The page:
Allotropy

Allotropy (Gr. "allos", other, and "tropos", manner) is a behavior exhibited by certain chemical elements: these elements can exist in two or more different forms, known as "allotropes" of that element. In each different allotrope, the element's atoms are bonded together in a different manner. Allotropes are different structural modifications of an element. [Allotrope in "IUPAC Compendium of Chemical Terminology", Electronic version, http://goldbook.iupac.org/A00243.html. Accessed March 2007.] The phenomenon of allotropy is sometimes also called allotropism.

For example, the element carbon has two common allotropes: diamond, where the carbon atoms are bonded together in a tetrahedral lattice arrangement, and graphite, where the carbon atoms are bonded together in sheets of a hexagonal lattice.

Note that allotropy refers only to different forms of an element within the same phase or state of matter (i.e. different solid, liquid or gas forms) - the changes of state between solid, liquid and gas in themselves are not considered allotropy. For some elements, allotropes have different molecular formulae which can persist in different phases - for example, the two allotropes of oxygen (dioxygen, O2 and ozone, O3), can both exist in the solid, liquid and gaseous states. Conversely, some elements do not maintain distinct allotropes in different phases: for example phosphorus has numerous solid allotropes, which all revert to the same P4 form when melted to the liquid state.

History

The concept of allotropy was originally proposed in 1841 by the Swedish scientist Baron Jons Jakob Berzelius (1779-1848) who offered no explanation. [Jensen W.B., "The Origin of the Term Allotrope", Journal of Chemical Education, 2006, 83, 838-9 ] After the acceptance of Avogadro's hypothesis in 1860 it was understood that elements could exist as polyatomic molecules, and the two allotropes of oxygen were recognized as O2 and O3. In the early 20th century it was recognized that other cases such as carbon were due to differences in crystal structure.

By 1912, Ostwald noted that the allotropy of elements is just a special case of the phenomenon of polymorphism known for compounds, and proposed that the terms allotrope and allotropy be abandoned and replaced by polymorph and polymorphism. Although many other chemists have repeated this advice, IUPAC and most chemistry texts still favour the usage of allotrope and allotropy for elements only.

Differences in properties of an element's allotropes

Allotropes are different structural forms of the same element and can exhibit quite different physical properties and chemical behaviours. The change between allotropic forms is triggered by the same forces that affect other structures, i.e. pressure, light, and temperature. Therefore the stability of the particular allotropes depends on particular conditions. For instance, iron changes from a body-centered cubic structure (ferrite) to a face-centered cubic structure (austenite) above 906 °C, and tin undergoes a transformation known as tin pest from a metallic phase to a semiconductor phase below 13.2 °C.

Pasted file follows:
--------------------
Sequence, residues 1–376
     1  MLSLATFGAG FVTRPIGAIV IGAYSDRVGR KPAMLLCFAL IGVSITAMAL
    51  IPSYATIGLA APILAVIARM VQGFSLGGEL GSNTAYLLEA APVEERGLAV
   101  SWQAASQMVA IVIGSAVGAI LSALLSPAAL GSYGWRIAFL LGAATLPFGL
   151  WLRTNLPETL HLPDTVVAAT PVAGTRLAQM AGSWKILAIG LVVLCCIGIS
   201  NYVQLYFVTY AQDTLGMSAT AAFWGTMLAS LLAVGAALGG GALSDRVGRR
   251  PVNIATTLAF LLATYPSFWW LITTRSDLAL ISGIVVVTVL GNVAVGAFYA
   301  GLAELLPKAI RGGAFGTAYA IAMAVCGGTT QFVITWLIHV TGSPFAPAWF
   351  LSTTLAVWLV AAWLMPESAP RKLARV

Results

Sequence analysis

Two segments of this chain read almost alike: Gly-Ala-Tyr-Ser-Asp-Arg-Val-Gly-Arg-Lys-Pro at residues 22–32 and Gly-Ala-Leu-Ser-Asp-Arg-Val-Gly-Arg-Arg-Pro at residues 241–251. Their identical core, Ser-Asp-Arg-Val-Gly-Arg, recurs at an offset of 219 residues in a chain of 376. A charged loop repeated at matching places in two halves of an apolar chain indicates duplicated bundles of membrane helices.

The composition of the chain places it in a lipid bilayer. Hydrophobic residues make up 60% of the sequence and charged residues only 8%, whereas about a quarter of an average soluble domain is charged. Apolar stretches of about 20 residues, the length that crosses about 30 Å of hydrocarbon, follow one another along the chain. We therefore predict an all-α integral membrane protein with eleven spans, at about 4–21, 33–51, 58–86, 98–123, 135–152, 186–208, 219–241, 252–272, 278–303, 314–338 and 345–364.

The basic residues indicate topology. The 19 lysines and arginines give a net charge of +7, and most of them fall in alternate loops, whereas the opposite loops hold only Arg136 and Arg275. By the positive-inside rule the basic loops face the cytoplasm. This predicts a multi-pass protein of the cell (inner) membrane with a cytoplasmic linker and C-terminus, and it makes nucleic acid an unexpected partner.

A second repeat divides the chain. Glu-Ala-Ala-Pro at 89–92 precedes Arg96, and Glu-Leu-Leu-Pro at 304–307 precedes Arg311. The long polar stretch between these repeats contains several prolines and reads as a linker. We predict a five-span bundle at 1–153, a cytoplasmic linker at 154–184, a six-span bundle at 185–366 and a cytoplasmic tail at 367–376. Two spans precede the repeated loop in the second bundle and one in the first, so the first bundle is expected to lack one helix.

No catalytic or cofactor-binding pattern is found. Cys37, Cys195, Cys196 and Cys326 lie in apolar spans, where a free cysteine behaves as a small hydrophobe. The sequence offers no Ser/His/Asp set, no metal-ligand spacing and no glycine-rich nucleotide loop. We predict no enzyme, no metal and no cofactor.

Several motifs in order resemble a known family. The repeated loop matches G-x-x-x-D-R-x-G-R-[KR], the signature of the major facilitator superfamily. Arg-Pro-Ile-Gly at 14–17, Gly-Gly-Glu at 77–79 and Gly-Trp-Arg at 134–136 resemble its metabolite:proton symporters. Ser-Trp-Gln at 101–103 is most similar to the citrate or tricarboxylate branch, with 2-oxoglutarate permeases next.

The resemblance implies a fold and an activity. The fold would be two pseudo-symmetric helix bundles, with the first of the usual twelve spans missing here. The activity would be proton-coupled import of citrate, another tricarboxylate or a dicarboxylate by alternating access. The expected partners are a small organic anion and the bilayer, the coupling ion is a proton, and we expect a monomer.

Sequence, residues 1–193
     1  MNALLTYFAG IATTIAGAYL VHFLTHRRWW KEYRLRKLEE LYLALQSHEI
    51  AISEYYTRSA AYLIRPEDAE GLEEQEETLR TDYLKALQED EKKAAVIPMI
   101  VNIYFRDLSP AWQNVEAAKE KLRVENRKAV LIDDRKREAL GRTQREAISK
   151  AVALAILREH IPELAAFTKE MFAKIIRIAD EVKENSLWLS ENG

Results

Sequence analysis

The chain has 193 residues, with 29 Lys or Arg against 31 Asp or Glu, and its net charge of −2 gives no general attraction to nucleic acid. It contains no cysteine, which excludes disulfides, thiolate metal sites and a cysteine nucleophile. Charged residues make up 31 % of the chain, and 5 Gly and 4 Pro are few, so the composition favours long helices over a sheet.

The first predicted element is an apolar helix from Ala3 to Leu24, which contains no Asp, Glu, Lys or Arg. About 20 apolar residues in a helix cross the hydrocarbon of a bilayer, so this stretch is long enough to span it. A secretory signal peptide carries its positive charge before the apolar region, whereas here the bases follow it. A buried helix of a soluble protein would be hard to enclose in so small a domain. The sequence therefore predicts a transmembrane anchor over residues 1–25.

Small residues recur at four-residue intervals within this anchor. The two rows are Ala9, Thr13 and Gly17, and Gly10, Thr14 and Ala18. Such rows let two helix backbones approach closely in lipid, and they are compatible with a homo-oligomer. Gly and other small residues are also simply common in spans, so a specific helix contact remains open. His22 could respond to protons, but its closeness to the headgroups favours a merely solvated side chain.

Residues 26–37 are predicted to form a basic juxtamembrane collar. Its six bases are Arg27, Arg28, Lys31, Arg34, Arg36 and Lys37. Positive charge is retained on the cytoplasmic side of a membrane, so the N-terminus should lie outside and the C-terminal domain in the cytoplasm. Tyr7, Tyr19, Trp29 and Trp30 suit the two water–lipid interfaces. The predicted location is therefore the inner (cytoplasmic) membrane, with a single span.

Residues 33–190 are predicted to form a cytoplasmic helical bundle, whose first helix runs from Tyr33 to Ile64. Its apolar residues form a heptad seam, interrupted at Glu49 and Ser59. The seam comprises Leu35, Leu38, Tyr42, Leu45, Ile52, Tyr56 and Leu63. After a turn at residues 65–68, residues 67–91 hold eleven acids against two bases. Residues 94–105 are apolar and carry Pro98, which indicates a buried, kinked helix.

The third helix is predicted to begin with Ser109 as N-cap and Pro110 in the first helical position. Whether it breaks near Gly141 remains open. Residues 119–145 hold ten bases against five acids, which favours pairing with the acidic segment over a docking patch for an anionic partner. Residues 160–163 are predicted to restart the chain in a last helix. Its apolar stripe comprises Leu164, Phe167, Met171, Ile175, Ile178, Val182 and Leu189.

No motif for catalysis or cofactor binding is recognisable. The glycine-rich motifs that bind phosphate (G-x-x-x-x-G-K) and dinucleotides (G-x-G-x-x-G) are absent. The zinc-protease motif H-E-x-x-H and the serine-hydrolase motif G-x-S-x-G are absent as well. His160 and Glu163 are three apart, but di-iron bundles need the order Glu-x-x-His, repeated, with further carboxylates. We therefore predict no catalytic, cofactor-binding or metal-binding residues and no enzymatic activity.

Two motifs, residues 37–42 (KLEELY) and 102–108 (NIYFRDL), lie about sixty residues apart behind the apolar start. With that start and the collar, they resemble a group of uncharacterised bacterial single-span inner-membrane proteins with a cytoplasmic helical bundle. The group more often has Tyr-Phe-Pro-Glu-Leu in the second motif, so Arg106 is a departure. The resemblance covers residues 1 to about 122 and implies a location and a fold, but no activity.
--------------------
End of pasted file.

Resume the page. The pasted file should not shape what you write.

List of allotropes

Typically, elements capable of variable coordination number and/or oxidation states tend to exhibit greater numbers of allotropic forms. Another contributing factor is the ability of an element to catenate. Allotropes are typically more noticeable in non-metals (excluding the halogens and the noble gases) and metalloids. Nevertheless, metals tend to have many allotropes.

Examples of allotropes include:

Non-metals and metalloids

Metals

"Polonium" has two metallic allotropes.

"Tin"
* grey tin (alpha-tin)
* white tin (beta tin)
* rhombic tin (gamma)

"Iron"
* ferrite (alpha iron) - forms below 770°C (the Curie point, Tc ); the iron becomes magnetic in its alpha form; BCC
* beta - forms below 912°C (BCC)
* gamma - forms below 1401°C; face centred cubic (FCC) crystal structure
* delta - forms from cooling down molten iron below 1535°C; has a body-centred cubic (BCC) crystal structure

"Titanium" has two allotropes

"Strontium" has three allotropes

Lanthanides and actinides

*"Plutonium" has six distinct solid allotropes under "normal" pressures. Their densities vary within a ratio of some 4:3, which vastly complicates all kinds of work with the metal (particularly casting, machining, and storage). A seventh plutonium allotrope exists at very high pressures, which adds further difficulties in exotic applications.Fact|date=January 2008

*"Ytterbium" has three allotropes

*"Terbium" has two crystalline allotropes

*"Promethium" has two allotropic forms

*"Curium has 3 allotropes (also Americium, Berkelium, Californium do) [http://www.iop.org/EJ/article/0305-4608/15/2/002/jfv15i2pL29.pdf?request-id=AFlRqDDL3BGhbarg2wi7Kg]

References

External links

* http://www.physics.uoguelph.ca/summer/scor/articles/scor40.htm


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